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Which clippings match 'Slow Motion Photography' keyword pg.1 of 1
28 OCTOBER 2014

Questioning the goal of efficiency in contemporary culture

"Efficiency in human behavior is a goal that is rarely questioned in contemporary culture. This course will study and draw connections between disparate fields to trace the development and influence of this view. The course, drawing a mix of humanities and engineering students, will include readings and lectures on 19th and 20th century philosophers with discussions of new technology and team experimental projects.

Frederick Taylor, the father of industrial engineering, analyzed human motion to optimize industrial productivity, which had great influence on Henry Ford, military logistics, and Stalin. Michel Foucault traced the history of the minute analysis of human motion from Napoleon's methods for transforming peasants into soldiers to modern methods for reforming prisoners. Martin Heidegger claimed that 'efficient ordering' was the defining characteristic of modern culture. Through the course, students will learn to recognize how this obsession with efficiency for its own sake relates to technology and to their daily lives."

(Questioning Efficiency: Human Factors and Existential Phenomenology, UC Berkeley course syllabus, Fall 2006)

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TAGS

Albert Borgmann • Anson Rabinbach • Anton BragagliaBerkeley (University of California)capture a moment of timechronophotographycooking in the kitchen • critique of technology • Dale Huchingson • dematerialization of objects in space • Eadweard Muybridgeefficiency • efficient ordering • Eliot Eliofson • Emily Fox • engineering students • Etienne-Jules Marey • everyday life • existential phenomenology • fotodinamismo • Frank Gilbreth • Frederick Taylor • geometric chronophotograph • goal • golfer • Henri BergsonHenry Ford • homemaker • Hubert Dreyfushuman behaviourhuman bodyhuman factorshuman factors in designhuman motion • Idris Khan • increased productivityindustrial engineering • industrial productivity • infinite continuity of time • James Gleick • Joseph Stalin • Ken Goldberg • kitchen • kitchen studies • lecture programmeLillian Gilbrethlong exposure • management science • Marcel DuchampMartin Heideggermeasure performancemetricisationmetricsMichel Foucault • military logistics • model kitchen • modern culture • modern homemaker • motion studiesNapoleon Bonaparte • Nude Descending a Staircase (1912) • objects in motion • obsession with efficiency • philosophy of technologyproductivity • reconstruction of movement • schematic phases • scientific goalssimultaneityslow motion photographystudying motiontechnologyThe Kitchen Practical (1929) • time and motion studies • time savingtime-motion studies • Umberto Boccioni • wasted motion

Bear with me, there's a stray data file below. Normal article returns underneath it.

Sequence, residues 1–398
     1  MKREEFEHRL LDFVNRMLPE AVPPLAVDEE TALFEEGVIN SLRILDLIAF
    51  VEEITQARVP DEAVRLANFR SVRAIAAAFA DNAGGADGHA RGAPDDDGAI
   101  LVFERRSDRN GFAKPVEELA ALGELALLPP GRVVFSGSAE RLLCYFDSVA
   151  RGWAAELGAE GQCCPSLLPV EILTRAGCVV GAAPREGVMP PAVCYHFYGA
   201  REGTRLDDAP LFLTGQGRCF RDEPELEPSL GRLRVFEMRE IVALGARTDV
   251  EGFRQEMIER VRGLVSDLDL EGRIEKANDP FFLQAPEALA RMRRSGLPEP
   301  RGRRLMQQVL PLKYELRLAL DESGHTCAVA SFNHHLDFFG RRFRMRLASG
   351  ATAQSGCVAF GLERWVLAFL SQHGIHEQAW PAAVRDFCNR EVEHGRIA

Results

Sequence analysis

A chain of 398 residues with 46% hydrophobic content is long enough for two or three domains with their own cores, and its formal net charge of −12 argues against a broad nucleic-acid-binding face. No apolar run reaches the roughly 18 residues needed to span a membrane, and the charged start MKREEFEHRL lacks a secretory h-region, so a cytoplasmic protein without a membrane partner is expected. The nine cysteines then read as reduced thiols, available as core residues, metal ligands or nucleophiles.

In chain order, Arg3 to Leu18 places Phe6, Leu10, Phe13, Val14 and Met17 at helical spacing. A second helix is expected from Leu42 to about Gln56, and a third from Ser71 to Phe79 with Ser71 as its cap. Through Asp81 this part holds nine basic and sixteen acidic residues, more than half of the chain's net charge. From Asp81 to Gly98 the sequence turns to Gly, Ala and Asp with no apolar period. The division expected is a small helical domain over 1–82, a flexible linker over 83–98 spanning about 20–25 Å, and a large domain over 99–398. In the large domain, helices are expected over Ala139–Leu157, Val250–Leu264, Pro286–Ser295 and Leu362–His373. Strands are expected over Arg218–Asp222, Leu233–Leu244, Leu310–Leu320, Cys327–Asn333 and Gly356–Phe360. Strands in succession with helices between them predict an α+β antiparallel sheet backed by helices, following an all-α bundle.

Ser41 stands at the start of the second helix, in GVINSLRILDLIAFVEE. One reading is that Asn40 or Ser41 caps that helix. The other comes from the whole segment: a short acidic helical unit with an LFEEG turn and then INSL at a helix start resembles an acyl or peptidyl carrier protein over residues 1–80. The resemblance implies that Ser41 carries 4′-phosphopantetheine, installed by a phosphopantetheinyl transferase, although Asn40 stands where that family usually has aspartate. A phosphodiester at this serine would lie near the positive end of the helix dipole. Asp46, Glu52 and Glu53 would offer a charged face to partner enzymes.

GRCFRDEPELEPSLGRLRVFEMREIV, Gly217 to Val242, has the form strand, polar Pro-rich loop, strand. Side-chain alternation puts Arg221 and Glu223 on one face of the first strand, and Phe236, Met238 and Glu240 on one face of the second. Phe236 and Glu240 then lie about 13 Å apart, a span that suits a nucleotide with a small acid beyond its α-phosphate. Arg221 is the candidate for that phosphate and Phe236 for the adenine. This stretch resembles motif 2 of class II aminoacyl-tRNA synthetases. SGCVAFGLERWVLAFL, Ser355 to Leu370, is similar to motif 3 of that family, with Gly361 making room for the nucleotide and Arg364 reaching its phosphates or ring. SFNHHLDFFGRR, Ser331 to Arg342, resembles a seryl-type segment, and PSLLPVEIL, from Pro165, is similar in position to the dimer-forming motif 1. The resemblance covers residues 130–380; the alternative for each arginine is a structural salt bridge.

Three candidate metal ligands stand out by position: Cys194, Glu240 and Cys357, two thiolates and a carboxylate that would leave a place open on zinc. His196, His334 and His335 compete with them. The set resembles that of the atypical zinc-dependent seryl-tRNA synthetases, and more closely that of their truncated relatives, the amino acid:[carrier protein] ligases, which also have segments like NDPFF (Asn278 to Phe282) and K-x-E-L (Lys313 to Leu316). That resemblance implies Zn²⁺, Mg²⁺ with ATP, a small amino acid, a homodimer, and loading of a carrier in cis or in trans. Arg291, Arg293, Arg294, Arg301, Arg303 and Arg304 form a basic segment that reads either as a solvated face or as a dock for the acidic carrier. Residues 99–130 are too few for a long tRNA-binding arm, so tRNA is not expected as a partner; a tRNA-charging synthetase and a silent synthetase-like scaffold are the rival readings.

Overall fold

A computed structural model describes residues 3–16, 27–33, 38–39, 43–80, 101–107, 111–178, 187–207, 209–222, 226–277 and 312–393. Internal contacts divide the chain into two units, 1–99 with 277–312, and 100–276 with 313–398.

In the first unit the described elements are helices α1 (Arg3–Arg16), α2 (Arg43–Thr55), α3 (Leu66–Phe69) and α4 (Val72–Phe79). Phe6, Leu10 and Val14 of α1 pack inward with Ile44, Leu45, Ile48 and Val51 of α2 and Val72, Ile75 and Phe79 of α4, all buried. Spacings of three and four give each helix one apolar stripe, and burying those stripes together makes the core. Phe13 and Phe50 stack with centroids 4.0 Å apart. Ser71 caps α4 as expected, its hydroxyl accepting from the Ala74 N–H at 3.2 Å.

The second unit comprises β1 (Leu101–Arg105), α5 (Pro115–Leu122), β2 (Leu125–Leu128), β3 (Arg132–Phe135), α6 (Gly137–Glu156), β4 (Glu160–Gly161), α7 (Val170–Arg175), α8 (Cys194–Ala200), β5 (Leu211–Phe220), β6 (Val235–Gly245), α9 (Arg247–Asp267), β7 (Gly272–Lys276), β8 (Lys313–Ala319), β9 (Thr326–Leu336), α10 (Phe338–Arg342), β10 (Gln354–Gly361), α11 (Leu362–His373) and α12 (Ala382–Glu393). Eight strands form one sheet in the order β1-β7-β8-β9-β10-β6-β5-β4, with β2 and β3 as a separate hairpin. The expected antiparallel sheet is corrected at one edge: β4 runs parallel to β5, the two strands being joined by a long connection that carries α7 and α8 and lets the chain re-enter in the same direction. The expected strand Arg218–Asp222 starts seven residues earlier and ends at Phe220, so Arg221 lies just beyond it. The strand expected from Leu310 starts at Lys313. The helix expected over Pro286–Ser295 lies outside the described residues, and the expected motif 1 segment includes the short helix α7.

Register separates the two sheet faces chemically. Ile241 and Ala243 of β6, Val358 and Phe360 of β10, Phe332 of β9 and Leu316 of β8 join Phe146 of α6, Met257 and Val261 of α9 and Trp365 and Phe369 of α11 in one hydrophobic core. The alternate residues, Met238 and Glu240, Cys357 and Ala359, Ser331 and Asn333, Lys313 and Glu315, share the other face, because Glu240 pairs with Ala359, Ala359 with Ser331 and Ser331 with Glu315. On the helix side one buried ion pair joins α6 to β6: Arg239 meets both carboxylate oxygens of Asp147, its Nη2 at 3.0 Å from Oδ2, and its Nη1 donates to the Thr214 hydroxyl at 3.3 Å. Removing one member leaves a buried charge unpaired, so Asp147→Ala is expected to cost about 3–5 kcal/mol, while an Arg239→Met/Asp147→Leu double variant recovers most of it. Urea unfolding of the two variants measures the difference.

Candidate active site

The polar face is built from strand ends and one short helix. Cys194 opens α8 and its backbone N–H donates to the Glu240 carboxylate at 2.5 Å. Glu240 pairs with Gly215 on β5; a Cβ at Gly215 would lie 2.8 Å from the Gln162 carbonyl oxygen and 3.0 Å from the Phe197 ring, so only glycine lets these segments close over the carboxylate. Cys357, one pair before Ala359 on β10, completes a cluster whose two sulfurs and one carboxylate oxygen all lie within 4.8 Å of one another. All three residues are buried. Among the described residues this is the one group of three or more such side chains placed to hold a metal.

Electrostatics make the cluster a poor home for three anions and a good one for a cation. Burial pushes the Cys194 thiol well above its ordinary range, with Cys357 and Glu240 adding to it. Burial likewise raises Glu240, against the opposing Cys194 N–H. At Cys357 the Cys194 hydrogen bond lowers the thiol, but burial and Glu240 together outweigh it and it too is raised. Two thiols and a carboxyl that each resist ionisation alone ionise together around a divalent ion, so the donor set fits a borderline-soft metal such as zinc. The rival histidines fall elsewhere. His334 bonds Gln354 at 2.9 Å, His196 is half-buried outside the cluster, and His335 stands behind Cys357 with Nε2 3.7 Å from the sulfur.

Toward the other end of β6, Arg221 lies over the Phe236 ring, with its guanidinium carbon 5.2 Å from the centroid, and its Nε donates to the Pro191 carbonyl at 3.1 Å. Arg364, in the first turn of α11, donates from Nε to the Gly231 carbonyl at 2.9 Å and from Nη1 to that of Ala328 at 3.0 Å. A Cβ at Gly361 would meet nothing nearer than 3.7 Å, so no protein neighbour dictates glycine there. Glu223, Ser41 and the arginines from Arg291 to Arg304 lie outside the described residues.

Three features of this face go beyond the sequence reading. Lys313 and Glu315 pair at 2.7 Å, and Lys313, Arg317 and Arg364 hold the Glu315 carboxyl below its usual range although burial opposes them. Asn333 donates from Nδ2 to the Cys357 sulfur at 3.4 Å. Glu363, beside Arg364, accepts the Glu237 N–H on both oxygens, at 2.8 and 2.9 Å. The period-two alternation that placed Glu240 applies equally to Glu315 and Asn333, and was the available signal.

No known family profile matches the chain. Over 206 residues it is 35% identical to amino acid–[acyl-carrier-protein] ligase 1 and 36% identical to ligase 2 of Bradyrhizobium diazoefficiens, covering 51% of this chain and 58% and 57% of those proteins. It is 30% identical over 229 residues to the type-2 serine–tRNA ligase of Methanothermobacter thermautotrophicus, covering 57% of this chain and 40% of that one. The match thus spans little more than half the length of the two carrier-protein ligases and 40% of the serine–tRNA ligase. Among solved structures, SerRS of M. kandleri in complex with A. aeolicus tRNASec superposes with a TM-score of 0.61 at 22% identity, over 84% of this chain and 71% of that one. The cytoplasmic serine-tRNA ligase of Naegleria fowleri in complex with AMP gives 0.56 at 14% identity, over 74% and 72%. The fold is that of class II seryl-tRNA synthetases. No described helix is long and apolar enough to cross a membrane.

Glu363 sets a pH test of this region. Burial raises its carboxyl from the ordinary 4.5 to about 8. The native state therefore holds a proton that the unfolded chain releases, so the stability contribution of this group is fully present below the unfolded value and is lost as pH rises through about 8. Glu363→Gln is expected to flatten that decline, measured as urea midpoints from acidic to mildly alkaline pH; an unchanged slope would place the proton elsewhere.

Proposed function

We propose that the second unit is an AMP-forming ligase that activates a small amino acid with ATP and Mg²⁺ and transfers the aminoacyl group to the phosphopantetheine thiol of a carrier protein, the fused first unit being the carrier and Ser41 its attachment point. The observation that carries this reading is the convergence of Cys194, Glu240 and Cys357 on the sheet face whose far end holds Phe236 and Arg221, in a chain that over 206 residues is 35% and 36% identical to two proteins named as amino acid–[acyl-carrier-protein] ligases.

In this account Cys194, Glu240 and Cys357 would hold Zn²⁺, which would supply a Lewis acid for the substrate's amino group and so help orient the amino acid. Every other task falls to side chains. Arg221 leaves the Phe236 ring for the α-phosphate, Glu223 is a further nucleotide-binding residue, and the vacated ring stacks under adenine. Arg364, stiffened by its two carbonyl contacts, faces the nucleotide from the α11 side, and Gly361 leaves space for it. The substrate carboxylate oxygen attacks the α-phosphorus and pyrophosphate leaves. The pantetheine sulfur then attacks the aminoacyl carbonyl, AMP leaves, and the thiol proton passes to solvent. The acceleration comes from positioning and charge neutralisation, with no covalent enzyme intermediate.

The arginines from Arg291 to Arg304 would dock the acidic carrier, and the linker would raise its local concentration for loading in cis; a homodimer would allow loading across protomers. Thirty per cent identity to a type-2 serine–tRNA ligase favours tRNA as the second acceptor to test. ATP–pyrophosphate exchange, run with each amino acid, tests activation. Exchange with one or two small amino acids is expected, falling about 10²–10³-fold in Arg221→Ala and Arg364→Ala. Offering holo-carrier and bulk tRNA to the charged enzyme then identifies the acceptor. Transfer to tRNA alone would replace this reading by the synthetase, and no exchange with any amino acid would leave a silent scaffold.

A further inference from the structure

CONTRIBUTOR

Simon Perkins
21 JANUARY 2014

Observation at high speed: slit-scan photography of passengers waiting at Shinjuku, Alexanderplatz and 42 Street stations

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CONTRIBUTOR

Simon Perkins
26 MARCH 2012

Crash test: the 2009 Chevrolet Malibu vs. the 1959 Chevrolet Bel Air

"In the 50 years since US insurers organized the Insurance Institute for Highway Safety, car crashworthiness has improved. Demonstrating this was a crash test conducted on Sept. 9 between a 1959 Chevrolet Bel Air and a 2009 Chevrolet Malibu. In a real–world collision similar to this test, occupants of the new model would fare much better than in the vintage Chevy.

'It was night and day, the difference in occupant protection,' says Institute president Adrian Lund. 'What this test shows is that automakers don't build cars like they used to. They build them better.'"

(Insurance Institute for Highway Safety, 9 September 2009)

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1959200950th anniversaryanniversaryautomaker • build them better • carcar crash • cars • Chevrolet • Chevrolet Bel Air • Chevrolet MalibuChevycollisioncrashcrash testcrashworthinessdebunkingdemonstrationdesign • dramatic demonstration • engineering • GEP • good engineering practice • high-speed camerahighway safetyhistorical revisionism • IIHS • insurance • insurance company • Insurance Institute for Highway Safety • protectionreal-worldroad safetyrobustnesssafetysafety by designslow motionslow motion photographytestUSAvintage

CONTRIBUTOR

Simon Perkins
02 JANUARY 2004

Slow Motion: Actual Images And Recollection-images

"The cinema does not just present images, it surrounds them with a world. This is why, very early on, it looked for bigger and bigger circuits which would unite an actual image with recollection–images, dream–images and world–images. This is surely the extension that Godard calls into question in 'Slow Motion', when he takes issue with the vision of the dying (`I'm not dead, because my life hasn't passed before me'). Should not the opposite direction have been pursued? Contracting the image instead of dilating it."
(Gilles Deleuze p.68)

Deleuze, Gilles. (1989) Cinema 2: The Time Image. University of Minnesota Press

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actual image • cinema • Every Man for Himself • Gilles DeleuzeJean-Luc Godard • recollection-image • Sauve Qui Peut (La Vie)slow motionslow motion photography
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